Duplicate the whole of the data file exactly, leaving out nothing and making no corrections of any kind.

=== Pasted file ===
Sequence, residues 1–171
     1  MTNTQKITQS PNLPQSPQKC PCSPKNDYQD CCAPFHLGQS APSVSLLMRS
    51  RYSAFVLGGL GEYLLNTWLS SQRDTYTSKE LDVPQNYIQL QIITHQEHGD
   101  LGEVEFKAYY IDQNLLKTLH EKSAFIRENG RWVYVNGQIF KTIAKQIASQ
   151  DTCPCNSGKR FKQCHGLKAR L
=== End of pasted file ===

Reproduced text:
Sequence, residues 1–171
     1  MTNTQKITQS PNLPQSPQKC PCSPKNDYQD CCAPFHLGQS APSVSLLMRS
    51  RYSAFVLGGL GEYLLNTWLS SQRDTYTSKE LDVPQNYIQL QIITHQEHGD
   101  LGEVEFKAYY IDQNLLKTLH EKSAFIRENG RWVYVNGQIF KTIAKQIASQ
   151  DTCPCNSGKR FKQCHGLKAR L